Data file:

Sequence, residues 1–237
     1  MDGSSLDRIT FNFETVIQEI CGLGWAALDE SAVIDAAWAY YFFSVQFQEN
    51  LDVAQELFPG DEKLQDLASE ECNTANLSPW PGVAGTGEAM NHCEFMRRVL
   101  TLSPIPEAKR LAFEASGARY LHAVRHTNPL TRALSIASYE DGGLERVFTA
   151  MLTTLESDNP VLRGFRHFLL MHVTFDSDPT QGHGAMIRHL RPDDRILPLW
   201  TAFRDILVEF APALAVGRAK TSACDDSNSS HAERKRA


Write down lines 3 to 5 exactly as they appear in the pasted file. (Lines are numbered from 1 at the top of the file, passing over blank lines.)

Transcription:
    51  LDVAQELFPG DEKLQDLASE ECNTANLSPW PGVAGTGEAM NHCEFMRRVL
   101  TLSPIPEAKR LAFEASGARY LHAVRHTNPL TRALSIASYE DGGLERVFTA
   151  MLTTLESDNP VLRGFRHFLL MHVTFDSDPT QGHGAMIRHL RPDDRILPLW